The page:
Waterfall Bridge- A Brief History

Oughterard Newsletter

Michael Previté

Oughterard Newsletter December 2005

The original metal waterfall bridge was built in 1937 by three employees of Colonel Doig of Ardvarna who, at that time, had the fishing rights of the salmon pool at the waterfall. The three were Tom Dixon, Steve McDonagh and a Mr. Donnellan. In relating this history, the late Pat Gibbons presumed that the materials came from the Iron Foundry in Galway, and consisted of single span girders and walkway with metal slats and handrails with supports – a pretty simple construction.

Wooden footbridge

When Colonel Doig died and Ardvarna was vacated, the fishing rights were taken on by Dr. Bushe, Doctor of Law, at Waterfall Lodge, and who now owned the bridge and the field on the opposite side of the river. There was a right-of- way already in existence and the river crossing was by way of a wooden footbridge and stepping stones a little further upstream.

Earlier still there might have been a ford just below Dr. Cotter’s house. Dr. Bushe must have been contemplating leaving because, in 1953, he handed over the rights to the bridge and the right of way approaches to a trust of nine somewhat republican members, one of whom was Pat Gibbons. All have now passed on.

The bridge was falling into disrepair and becoming dangerous in the sense that the handrails on both sides of the river path were rotten wood and had been vandalised.

In-so-far as the bridge was concerned, the  Oughterard Development Association (ODA) approached the Galway Co. Co. to take over the repair, reconstruction, and maintenance etc. This the Co. Co. would not do, not having the finances.  If the ODA liked to put the bridge in order the Co. Co. would take it over subject to the new construction being acceptable to them and to the insurance company concerned regarding public liability. The ODA did not have the finances to meet this contingency so there was no public liability cover.  Pat Gibbons did not wish to close the bridge and could not close the right of way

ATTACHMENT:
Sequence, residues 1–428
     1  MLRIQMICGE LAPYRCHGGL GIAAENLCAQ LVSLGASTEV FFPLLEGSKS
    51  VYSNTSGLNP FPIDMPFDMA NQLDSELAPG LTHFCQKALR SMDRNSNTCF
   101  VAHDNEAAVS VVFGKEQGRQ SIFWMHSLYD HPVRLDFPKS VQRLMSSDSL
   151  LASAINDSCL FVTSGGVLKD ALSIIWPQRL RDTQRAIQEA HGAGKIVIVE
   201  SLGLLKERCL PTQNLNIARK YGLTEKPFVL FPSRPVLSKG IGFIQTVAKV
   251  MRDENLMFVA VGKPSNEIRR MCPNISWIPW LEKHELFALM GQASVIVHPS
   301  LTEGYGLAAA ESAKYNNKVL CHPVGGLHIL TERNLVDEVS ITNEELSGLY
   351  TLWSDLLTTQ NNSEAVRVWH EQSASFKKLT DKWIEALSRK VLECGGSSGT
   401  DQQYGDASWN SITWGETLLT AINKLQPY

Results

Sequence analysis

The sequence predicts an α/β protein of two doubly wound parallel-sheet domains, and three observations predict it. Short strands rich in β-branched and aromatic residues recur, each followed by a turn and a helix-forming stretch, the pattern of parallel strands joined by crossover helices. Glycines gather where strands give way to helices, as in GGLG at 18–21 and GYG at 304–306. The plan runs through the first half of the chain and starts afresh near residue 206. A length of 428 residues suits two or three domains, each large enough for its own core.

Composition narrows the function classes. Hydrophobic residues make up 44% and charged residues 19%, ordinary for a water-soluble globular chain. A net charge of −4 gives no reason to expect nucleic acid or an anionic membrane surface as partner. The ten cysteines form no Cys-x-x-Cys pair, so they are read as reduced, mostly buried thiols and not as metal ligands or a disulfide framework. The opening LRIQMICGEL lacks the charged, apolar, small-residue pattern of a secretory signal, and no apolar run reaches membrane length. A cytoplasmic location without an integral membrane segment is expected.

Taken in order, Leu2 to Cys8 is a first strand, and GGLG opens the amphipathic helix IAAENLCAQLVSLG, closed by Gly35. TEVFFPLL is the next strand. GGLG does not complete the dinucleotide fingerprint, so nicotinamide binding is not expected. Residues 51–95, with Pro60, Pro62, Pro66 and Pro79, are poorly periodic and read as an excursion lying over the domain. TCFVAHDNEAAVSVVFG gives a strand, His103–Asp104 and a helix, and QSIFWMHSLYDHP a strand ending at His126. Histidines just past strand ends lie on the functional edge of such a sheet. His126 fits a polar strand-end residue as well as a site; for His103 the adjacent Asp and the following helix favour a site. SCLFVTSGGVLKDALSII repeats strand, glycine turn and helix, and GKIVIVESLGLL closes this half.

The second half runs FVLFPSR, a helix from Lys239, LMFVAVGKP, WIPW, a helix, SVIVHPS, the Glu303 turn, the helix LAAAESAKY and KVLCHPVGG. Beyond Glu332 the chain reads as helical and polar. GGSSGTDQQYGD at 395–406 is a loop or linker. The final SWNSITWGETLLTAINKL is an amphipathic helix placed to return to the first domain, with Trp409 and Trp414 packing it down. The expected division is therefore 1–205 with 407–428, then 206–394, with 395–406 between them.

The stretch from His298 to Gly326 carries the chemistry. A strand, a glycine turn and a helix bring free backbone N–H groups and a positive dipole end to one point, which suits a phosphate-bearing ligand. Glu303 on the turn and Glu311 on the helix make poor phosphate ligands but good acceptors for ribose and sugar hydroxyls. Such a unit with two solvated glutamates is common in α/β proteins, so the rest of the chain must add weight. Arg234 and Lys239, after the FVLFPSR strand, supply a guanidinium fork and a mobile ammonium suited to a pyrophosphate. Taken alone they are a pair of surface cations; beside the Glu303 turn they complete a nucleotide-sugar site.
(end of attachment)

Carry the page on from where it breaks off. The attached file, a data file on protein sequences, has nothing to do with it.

Heritage Council 

He communicated the above facts to the chairman of the Heritage Council, which was set up by Charles Haughey, and he was advised that it was possible that the Heritage Council might be able to use its influence to have the bridge put into good order.

There was a residence above the waterfall bridge called Persse House which belonged to the O’Flaherty family – a Major Gascoigne had the lease of this house and Mike O’Farrell lived in a round house at the southern end of the present waterfall bridge. He was a caretaker for Major Gascoigne.

Based on a survey of the whole Oughterard water area by the British Fishery Conservation Authority around 1850, it was decided to build a salmon hatchery below the waterfall. The principals involved in building the hatchery were Messrs Doig, Jackson and Henry Hodgson. It was fed by a duct of timber construction from the waterfall and some of this work is still to be seen at the rear of the hatchery. It was a very effective and useful hatchery at the time and considered to be a very modern concept. The spa well is contained in Mr. McHugo’s property to the south west of the river and is accessible to everyone.

 

This page was added on 28/06/2011.

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